Alexis Peppis, regional manager for the UK and Ireland at Tiqets, talks to Abra Dunsby about working with the trade, new product and championing lesser-known attractions
What is Tiqets?
We are an online ticketing agent that sells tickets to various cultural venues all over the world, from very large, obvious destinations like the Louvre, Vatican, MOMA and Tower of London to hidden gems like Forth Boat Tours in Edinburgh. Our goal has always been to be truly digital and provide a flexible, frictionless service – even before the pandemic – so tickets are sent straight to customers’ phones.
How do you work with the trade?
We have a diverse partner list including travel agents. We work directly with our venues and have strong relationships with them, which gives us access to things our competitors do not. We work on a commission model with partners and offer a number of ways for them to connect, for example there is an agent portal and we offer API capabilities or affiliate links for them to populate their site or app with. We are actively searching for new partners in the travel agency sector to help us recover stronger and faster as the UK reopens – and have a dedicated partnerships manager to help with this.
What are your current focuses and USPs?
We are mainly focusing on the domestic market this year, but believe international will come back and we are priming ourselves to take advantage of that. When we started out six years ago, our tagline was “make culture more accessible” and we worked mainly with cultural venues such as museums and galleries. As we grew, we realised that was quite an elitist view of culture – culture can be walking around Kew Gardens, taking in the ruins of Hadrian’s Wall or sharing a thrilling experience at a theme park with friends. We wanted to readdress that so our tagline became “more ways to culture” in 2019.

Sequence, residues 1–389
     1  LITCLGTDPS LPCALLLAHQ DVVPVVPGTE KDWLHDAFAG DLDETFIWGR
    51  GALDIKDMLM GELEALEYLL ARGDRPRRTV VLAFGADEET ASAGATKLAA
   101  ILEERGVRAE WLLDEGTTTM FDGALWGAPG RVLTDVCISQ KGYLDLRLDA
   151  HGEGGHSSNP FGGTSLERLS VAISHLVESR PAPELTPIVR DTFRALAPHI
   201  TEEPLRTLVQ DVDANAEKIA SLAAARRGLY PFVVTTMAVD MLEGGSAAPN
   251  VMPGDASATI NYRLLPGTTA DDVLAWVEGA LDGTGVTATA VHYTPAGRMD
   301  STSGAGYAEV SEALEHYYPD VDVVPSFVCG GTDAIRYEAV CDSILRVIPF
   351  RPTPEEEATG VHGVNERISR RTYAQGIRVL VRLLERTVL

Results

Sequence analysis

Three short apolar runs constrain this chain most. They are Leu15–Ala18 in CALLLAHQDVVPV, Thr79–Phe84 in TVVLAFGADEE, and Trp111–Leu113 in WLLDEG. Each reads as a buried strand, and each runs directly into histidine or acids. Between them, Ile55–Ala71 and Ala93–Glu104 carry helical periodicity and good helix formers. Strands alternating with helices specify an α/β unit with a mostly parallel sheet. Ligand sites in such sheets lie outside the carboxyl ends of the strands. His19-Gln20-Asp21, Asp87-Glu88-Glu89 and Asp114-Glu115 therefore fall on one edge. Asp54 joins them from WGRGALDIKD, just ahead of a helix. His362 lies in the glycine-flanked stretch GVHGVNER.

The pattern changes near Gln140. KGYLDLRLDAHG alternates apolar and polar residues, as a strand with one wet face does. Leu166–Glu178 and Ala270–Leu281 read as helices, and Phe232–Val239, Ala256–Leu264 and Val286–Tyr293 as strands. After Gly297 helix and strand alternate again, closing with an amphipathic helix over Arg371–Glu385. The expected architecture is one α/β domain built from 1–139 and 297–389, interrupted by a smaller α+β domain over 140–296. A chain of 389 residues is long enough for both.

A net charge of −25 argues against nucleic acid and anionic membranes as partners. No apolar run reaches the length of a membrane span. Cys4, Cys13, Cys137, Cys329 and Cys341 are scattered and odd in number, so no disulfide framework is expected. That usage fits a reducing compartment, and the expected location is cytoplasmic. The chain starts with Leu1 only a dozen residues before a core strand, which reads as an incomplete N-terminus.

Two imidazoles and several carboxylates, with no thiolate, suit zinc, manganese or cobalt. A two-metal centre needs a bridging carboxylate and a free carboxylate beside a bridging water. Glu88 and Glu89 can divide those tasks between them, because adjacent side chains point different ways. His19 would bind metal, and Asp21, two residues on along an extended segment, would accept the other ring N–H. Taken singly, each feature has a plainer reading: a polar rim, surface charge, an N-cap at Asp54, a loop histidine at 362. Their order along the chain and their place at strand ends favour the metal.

What attractions do you work with in the UK?
We have all the main attractions including The View from the Shard and the London Eye, but also smaller
attractions such as the Handel & Hendrix in London [which tells the story of German composer George Frideric Handel and US guitarist Jimi Hendrix] and the Museum of Brands. I love to take my five-year-old son
to the Household Cavalry Museum in Whitehall – if you’re lucky and you time it right, you can see the changing of the guard outside at the same time. It’s about bringing that awareness to our audience that, yes, you can
tick the box of seeing the Tower of London, but there’s so much more to discover.
How is business looking at the moment?
That pent-up demand that everyone spoke about is definitely there. There’s a thirst from people to get out and experience what life was like before the pandemic and see loved ones and families. Ticket sales are coming through and our site traffic is building week-on-week so it’s looking like it’s going to be a good summer.
How has your model changed since the pandemic?
We are fortunate that we had our business model set up pre-pandemic – people now want fewer touchpoints, so being able to get into a venue using their mobile phone is ideal. Since the pandemic, we’ve updated our site to list venues’ Covid guidelines. We also introduced a more flexible cancellation policy after carrying out a survey, which revealed that flexibility was the number-one concern for our customers.
What new product do you have in the UK?
In London we have the Gardens at Buckingham Palace, which is proving popular. There’s also Gaia at the Old Royal Naval College in Greenwich – they have a giant planet earth installation in the hall that’s very similar to what the Natural History Museum has with its giant moon. The venue also has a fantastic ceiling; people like to say it’s the UK’s version of the Sistine Chapel. Outside London, Strawberry Fields in Liverpool and Mythica at Legoland in Windsor are new and doing well.
How do you plan on educating the trade?
We have a library of webinars and blog pieces from the past 15 months and are happy to conduct ad-hoc training if needed, as well as fam trips.